Instead of leaving off with the happy ending of Return of the Jedi, the new trilogy instead pulls the rug out by having Luke disappear after a failed attempt to train future Jedi, even considering killing his own nephew because of the dark side in him. A hard 180 turn from being the guy who wanted to spare his father not decades before. Now a hermit, Skywalker abandons all his familial connections and actively resists getting back involved with the galaxy before finally doing so.

Both Picard and Skywalker have legions of fans who adore their original portrayals in shows and movies that spanned decades. Both represented the ethical and moral peak of what their franchises were about. That effectively made them more myth than actual people. And apparently to a certain degree, both got similar treatments when trying to be brought into the modern context.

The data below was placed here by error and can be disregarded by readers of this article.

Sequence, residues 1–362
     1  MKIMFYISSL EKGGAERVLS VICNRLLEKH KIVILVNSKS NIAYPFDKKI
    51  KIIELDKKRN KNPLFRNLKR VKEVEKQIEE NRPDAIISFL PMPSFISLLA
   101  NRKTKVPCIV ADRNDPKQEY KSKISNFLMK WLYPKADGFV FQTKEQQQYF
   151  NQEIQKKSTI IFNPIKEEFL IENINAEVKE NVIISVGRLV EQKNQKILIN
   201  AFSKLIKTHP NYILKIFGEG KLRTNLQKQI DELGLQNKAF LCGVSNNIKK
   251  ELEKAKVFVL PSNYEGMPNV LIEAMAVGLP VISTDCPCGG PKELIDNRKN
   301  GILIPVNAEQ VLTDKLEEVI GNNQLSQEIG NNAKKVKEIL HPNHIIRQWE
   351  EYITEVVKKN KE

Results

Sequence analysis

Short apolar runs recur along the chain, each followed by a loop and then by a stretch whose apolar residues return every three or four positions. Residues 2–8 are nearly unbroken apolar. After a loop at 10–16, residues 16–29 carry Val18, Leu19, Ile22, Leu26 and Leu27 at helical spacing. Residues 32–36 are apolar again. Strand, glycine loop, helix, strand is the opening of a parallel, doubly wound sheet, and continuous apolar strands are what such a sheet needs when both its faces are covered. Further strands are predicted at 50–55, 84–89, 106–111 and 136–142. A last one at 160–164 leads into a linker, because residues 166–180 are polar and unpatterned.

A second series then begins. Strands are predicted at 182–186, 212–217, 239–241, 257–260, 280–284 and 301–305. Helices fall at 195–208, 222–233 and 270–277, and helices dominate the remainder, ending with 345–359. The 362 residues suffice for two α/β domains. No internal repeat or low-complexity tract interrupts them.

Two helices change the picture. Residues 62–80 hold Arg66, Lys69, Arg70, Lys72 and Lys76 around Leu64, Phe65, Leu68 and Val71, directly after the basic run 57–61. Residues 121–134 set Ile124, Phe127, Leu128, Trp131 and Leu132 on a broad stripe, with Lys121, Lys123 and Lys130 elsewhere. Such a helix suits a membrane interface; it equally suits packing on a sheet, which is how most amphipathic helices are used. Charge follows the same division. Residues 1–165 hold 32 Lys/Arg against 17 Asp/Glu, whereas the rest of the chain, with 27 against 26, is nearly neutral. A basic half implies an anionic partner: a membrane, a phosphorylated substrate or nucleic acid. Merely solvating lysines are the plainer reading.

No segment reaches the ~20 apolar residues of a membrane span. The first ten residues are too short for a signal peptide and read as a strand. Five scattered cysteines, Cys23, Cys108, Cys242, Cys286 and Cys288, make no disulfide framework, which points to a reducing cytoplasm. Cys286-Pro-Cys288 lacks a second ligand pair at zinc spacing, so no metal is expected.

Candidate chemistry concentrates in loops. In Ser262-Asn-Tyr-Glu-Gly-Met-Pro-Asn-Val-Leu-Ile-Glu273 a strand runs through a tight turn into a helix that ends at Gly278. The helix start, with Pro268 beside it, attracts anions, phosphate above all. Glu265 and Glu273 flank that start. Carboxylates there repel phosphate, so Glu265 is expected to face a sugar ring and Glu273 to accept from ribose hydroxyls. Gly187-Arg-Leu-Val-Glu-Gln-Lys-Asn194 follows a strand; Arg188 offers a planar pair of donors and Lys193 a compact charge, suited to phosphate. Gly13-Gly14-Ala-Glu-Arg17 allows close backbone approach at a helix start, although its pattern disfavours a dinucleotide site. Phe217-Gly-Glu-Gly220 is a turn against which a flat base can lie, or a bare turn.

Old men who are now rough around the edges and out of touch with what's happening around them because they abandoned their purpose after a monumental failure. The parallels are uncanny, if not commercial. Yet, Picard so far has not suffered the outrage that the new trilogy has in its portrayal of this trope. Why is that?

Who Are You

I believe that it's largely due to how the two characters were approached, as both fan bases are equally as passionate. When I watch the sequel trilogy, as conflicting as they were with each other, they all shared a desire to alter the core of who Luke Skywalker was. Two were for money and as a proxy for younger heroes to replace him, while the other set out to create a more philosophical and some say nihilistic interpretation of the hero, with elements of social awareness thrown in on the side.